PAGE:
Which activities burn the most calories?
Monday, September 24, 2012
The Centers for Disease Control and Prevention offer these exercise recommendations for adults age 18 to 64:
• 2½ hours of moderate-intensity aerobic activity every week and muscle-strengthening activities that work all major muscle groups at least two days a week.
• 1 hour and 15 minutes of vigorous-intensity aerobic activity every week and muscle-strengthening activities that work all major muscle groups at least two days a week.
• An equivalent mix of moderate- and vigorous-intensity aerobic activity and muscle-strengthening activities that work all major muscle groups at least two days a week.
Every day, our bodies are burning calories.
We burn calories when we exercise, whether it's lifting weights or running or playing a game of basketball. But we also burn calories performing daily tasks: cleaning the house, gardening or walking the dog — just not as many calories.
A 150-pound person who goes mountain biking for 30 minutes can burn 290 calories, according to WebMD's fitness calorie calculator, the Fit-o-Meter. During the same amount of time, that person burns 341 calories by jumping rope or 511 calories by running up stairs.
But if that person opts for 30 minutes of yoga, he or she will only burn 85 calories. Sitting on the couch playing guitar for 30 minutes will burn 102 calories.
So why do some activities burn more calories?
For the most part, the answer lies in a few factors: muscle mass, intensity and gender, said Bridget Raach, a Clark College instructor in the fitness trainer program and Crossfit coach.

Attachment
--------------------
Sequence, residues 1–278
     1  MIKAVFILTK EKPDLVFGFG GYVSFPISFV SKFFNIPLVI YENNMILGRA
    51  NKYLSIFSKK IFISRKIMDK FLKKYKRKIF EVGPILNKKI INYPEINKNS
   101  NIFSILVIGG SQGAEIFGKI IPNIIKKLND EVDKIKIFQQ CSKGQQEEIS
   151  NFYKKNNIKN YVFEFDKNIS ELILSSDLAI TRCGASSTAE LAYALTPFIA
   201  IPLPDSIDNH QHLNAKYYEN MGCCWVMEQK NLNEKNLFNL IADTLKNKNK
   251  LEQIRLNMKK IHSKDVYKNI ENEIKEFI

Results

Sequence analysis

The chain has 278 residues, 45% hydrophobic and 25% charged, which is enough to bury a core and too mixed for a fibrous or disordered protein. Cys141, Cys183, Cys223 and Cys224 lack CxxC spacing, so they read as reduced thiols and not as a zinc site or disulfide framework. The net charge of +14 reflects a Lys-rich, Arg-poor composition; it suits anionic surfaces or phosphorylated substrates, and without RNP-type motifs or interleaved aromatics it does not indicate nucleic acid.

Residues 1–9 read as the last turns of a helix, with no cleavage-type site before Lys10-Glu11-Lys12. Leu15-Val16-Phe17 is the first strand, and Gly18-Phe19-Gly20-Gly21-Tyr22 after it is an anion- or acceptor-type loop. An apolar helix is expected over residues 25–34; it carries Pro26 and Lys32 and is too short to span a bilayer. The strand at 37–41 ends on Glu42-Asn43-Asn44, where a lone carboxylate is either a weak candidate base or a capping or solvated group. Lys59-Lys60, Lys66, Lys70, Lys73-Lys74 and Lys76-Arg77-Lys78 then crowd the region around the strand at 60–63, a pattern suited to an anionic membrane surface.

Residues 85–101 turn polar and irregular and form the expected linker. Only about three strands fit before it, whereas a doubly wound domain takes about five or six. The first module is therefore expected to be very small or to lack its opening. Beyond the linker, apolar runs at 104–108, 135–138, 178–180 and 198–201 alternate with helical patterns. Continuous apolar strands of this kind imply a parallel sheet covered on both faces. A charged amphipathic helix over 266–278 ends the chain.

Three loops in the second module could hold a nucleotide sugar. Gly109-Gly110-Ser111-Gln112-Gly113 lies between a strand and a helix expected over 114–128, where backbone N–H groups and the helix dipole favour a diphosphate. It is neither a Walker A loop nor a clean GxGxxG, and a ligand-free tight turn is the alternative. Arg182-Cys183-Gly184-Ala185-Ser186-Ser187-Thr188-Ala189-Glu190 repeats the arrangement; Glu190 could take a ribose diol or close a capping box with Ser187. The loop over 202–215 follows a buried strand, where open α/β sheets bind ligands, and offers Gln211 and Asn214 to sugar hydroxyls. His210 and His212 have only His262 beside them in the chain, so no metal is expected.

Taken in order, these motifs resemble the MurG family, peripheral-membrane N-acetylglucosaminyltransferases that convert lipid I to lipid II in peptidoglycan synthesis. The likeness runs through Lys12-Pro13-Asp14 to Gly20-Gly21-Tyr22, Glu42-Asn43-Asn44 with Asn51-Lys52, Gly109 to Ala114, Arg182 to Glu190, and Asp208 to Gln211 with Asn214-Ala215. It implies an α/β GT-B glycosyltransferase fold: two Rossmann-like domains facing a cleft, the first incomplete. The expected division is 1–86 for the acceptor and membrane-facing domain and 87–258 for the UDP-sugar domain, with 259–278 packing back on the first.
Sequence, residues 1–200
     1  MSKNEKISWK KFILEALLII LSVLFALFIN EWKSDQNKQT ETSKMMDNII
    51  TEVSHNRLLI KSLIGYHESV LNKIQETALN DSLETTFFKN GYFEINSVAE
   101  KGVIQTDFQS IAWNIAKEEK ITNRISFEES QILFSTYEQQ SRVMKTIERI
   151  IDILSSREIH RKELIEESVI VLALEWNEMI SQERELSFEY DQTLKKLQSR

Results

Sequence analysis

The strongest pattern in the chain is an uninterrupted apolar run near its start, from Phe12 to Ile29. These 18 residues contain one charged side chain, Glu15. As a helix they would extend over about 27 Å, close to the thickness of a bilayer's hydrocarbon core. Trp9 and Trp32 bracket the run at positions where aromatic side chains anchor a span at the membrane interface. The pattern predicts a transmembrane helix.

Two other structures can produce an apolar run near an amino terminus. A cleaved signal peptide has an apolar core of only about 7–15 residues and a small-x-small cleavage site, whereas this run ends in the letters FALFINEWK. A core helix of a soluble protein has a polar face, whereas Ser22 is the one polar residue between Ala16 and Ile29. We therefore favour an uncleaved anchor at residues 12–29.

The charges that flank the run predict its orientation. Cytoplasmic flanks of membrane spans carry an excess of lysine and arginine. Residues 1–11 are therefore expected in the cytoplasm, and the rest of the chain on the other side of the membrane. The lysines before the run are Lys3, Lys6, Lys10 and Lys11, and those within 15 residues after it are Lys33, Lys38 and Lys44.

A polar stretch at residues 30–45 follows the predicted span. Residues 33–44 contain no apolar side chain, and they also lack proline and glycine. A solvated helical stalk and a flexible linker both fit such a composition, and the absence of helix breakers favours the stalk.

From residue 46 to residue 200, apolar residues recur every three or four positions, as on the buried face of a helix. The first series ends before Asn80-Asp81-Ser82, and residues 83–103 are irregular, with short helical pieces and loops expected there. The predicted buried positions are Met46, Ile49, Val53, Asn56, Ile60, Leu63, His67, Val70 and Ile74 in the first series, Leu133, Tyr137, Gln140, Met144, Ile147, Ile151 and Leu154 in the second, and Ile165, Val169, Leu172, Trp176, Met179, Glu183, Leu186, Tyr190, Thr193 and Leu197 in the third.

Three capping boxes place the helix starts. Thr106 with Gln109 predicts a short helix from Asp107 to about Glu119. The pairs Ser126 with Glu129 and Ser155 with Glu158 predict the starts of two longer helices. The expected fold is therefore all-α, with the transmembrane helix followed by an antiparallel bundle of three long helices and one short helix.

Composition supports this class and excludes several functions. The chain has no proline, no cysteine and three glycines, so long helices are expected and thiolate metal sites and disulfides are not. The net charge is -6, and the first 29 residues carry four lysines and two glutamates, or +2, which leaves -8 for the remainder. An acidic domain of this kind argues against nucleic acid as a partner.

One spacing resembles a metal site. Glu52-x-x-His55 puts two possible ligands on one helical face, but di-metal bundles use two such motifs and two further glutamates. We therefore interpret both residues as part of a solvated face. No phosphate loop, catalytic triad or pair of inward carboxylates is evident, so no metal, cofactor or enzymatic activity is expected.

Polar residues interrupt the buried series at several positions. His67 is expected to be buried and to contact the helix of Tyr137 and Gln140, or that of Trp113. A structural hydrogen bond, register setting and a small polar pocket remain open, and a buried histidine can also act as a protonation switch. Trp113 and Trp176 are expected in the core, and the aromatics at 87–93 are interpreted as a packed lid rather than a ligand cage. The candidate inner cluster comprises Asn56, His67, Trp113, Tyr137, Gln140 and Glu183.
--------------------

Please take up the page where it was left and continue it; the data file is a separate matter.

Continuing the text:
"The intensity of the activity is going to be a big predictor of how much calorie burn will be," she said.
Intensity, however, is relative to the person and their fitness level on any given day, Raach said.
Take Lance Armstrong, for example. Armstrong may ride his bicycle up a hill at a fast pace; his intensity level could be a 10 out of 10. Someone else may ride up that same hill at a much slower pace, in a lower gear and still reach the same intensity level, Raach said.
External weights can also make an activity more intense. For example, jumping jacks will burn calories. But doing jumping jacks while wearing a weight vest will burn more calories, she said.
"You're doing more than just moving," Raach said.
In addition to intensity, muscle mass plays a significant role in how many calories will be burned during activity.
"For the most part, muscle is what burns calories," Raach said. "The less muscle you have, the less calories you burn."
And when it comes to muscle mass, women are generally at a disadvantage, she said.
Women can build muscle mass, but not as much as men. Testosterone enables men to produce more muscle mass than women. That added muscle mass makes men more able to burn calories than women, Raach said.
"Life is not fair," she said.
But muscle mass can also relate to the number of muscles the body is using during an activity. Activity that incorporates more of the body's muscles — lunges as opposed to bicep curls, for example — burn more calories, Raach said.
In the end, an activity that may burn 400 calories for one person, may only burn 100 calories for another.
"It's not one size fits all," Raach said. "And yet, we're all human. We all need to move our bodies."